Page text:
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Congressional tax reform proposals to end immediate deductions of research and development expenses would raise the taxable income of companies and discourage research, according to industry officials.
Under the House bill ( H.R. 1) and the Senate legislative text, the option to immediately deduct R&D-related expenses, such as supplies for research and salaries paid to researchers, would be off the table. Such expenses would have to be capitalized and amortized over five years. (For a road map of where to find key provisions and compare the House and Senate bills, read Bloomberg Tax’s analysis.)
Expenses related to research outside of the U.S. would be subject to an even lengthier 15-year capitalization and amortization period. The underlying R&D tax credit, however, remains unchanged in both the House and Senate tax plans.
“This change would not encourage U.S. R&D and would raise the cost of performing risky and uncertain research in the U.S.,” Ronald Dickel, chairman of the R&D Credit Coalition and vice president of global tax at Intel Corp., said in a statement Nov. 15. The coalition is composed of companies such as Boeing Co., Apple Inc., and Exxon Mobil Corp.
Currently, companies with qualifying R&D expenses under tax code Section 174 have two choices in writing off R&D expenditures. They can deduct R&D expenses as current business expenditures and have the deduction recognized that year or choose to spread the payments equally over 60 months or more.
“All of these Section 174 costs are now being proposed to be required for capitalization and amortization, depending on whether they are domestic or foreign, and that’s a pretty big change compared from the way things have been historically done since 1954,” Tyrone Montague, managing director in the Washington National Tax practice of KPMG LLP, told Bloomberg Tax Nov. 17.
Most companies engaged in R&D choose to immediately write off R&D expenses to lower taxable income, David Wong, a partner with BDO USA LLP’s Specialized Tax Services practice for the West Region, who specializes in R&D tax credits, told Bloomberg Tax.
Under the proposed tax measures, companies may face higher taxable income said Wong, and may need to adjust budgeting and operating expenses to plan for increased taxes.
“For those that will be facing higher taxes, it will be important to plan for cash flow and look for business opportunities that may help them reduce tax, which from the proposed tax plans, appear to be friendlier to companies looking to invest and incur expenses domestically,” he said.
“This taxable income increase will place even more importance on R&D credits,” said Wong.
R&D is a significant part of most every industry sector, said Montague.
“The R&D that goes on in the U.S. cuts across almost every industry you can imagine,” he said, “mostly because of software development, which is such a major part of what’s driving innovation and efficiencies across every aspect of the economy.”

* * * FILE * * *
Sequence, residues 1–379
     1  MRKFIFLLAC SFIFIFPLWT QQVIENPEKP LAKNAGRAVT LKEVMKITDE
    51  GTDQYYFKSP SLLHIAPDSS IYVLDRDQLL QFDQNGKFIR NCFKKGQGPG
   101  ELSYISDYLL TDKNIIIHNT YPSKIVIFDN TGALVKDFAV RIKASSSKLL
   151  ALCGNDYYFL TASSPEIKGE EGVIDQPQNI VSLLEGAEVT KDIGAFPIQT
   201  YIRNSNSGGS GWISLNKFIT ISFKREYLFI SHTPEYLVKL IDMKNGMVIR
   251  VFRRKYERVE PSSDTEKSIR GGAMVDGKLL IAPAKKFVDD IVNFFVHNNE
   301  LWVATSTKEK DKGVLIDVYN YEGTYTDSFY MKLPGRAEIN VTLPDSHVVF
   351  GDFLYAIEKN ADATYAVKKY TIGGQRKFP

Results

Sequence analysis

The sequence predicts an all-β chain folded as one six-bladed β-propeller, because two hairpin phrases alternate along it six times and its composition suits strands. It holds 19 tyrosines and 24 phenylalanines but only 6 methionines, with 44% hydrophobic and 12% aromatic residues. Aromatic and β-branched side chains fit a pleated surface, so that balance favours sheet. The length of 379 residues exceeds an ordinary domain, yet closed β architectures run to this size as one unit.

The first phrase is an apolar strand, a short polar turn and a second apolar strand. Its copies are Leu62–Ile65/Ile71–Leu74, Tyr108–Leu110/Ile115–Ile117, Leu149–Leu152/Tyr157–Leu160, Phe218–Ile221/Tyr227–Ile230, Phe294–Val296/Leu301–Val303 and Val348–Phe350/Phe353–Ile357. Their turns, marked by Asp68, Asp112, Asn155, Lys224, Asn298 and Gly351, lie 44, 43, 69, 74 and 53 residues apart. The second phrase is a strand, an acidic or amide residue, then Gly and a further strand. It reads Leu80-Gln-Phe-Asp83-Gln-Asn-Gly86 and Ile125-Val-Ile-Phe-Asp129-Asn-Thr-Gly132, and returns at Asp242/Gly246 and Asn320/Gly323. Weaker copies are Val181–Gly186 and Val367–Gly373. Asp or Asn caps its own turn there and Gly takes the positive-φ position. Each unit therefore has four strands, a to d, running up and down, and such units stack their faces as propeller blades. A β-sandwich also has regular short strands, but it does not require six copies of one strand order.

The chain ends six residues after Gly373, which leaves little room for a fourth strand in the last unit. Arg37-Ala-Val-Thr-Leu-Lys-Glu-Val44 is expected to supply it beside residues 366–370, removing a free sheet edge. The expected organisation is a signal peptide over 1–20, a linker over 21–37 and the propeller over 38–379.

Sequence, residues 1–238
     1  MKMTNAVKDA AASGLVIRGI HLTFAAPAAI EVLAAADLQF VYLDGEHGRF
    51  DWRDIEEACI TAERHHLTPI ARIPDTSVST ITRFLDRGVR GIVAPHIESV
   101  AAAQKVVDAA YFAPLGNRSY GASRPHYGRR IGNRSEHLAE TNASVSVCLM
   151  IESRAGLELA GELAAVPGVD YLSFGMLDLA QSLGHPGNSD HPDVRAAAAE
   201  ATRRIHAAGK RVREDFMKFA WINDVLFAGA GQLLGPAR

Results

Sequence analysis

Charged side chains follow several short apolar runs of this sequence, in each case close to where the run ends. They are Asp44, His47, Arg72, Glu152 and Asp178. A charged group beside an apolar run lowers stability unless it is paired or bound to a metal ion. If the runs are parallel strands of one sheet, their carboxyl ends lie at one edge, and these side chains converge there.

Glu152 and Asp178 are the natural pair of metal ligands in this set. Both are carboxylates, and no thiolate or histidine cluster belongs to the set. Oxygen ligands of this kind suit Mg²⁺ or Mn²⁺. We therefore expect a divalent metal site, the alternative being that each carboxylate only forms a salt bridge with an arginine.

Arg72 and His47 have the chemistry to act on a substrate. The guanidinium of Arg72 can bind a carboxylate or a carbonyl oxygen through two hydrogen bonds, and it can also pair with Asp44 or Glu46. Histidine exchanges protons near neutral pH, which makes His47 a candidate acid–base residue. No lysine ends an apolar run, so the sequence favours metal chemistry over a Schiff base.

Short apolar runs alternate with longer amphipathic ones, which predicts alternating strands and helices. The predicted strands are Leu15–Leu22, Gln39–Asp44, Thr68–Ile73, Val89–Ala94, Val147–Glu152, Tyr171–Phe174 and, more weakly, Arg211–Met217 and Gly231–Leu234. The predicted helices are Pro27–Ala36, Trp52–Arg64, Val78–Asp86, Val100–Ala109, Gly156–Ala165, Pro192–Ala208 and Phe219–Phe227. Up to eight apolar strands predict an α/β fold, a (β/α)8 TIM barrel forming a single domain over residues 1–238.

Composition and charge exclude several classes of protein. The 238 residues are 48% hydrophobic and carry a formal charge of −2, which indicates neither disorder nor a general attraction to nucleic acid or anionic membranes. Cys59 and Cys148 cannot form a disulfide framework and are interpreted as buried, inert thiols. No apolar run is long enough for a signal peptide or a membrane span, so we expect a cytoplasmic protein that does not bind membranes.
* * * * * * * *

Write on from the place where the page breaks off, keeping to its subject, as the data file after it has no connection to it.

For example, Boeing told Bloomberg Tax in an email Nov. 20 that it “spends about $6 billion per year in research and development and capital expenditures.”
According to the 2017 Global Innovation 1000 study by PricewaterhouseCoopers, which analyzed the world’s largest publicly listed corporate R&D spenders, Boeing spends the most on R&D in comparison with other aerospace and defense companies. So far this year, Boeing has posted $4.6 billion in R&D spending while United Technologies Corp. has spent $2.3 billion this year on R&D related expenses, according to the report.
Research performed outside of the U.S. isn’t considered a qualified expense under the R&D tax credit and therefore can’t be applied to offset a company’s total tax liability. In combination with the proposed 15-year capitalization and amortization timeline, researchers will likely think twice about the financial impact of foreign R&D expenses, Wong said.
“Regarding foreign R&D expenses, this will certainly further incentivize companies to reconsider the financial impact under the new rules since it will further increase taxable income by reducing the current year expenses,” Wong said in an email.
Compared with other provisions in the House and Senate tax plans, the R&D write-off provision would be enacted much later. The R&D provision would take effect after Dec., 31, 2022, in the House bill and after Dec. 31, 2025, in the Senate tax plan.
The reasoning behind a delayed enactment period, said Montague, is to give the R&D industry time to react and make plans, and also to account for planned R&D budgets that extend into 2018 and beyond.
“Often times, budgets for technology plans are not only for one year periods but for three- to five-year periods,” said Montague. “If there is going to be this big paradigm shift, many of our clients are asking Congress to ‘please, give time to prepare for this.”
The provision erasing immediate deductions of R&D expenses was probably included in the House and Senate proposals to help offset the costs of other provisions with the tax reform bills, said Wong.
According to the Joint Committee on Taxation, the amortization of R&D expenses under the Senate plan would increase revenue by $62.1 billion between 2018 to 2027.
“Many of our clients are saying that while we acknowledge the need for revenue offsets as part of tax reform, maybe there can be some other trade off because there is no one size fits all,” said Montague.
“The potential change could be fair for some companies but less for others, and many are asking that something else be done rather than affect this really critically important incentive,” he said.
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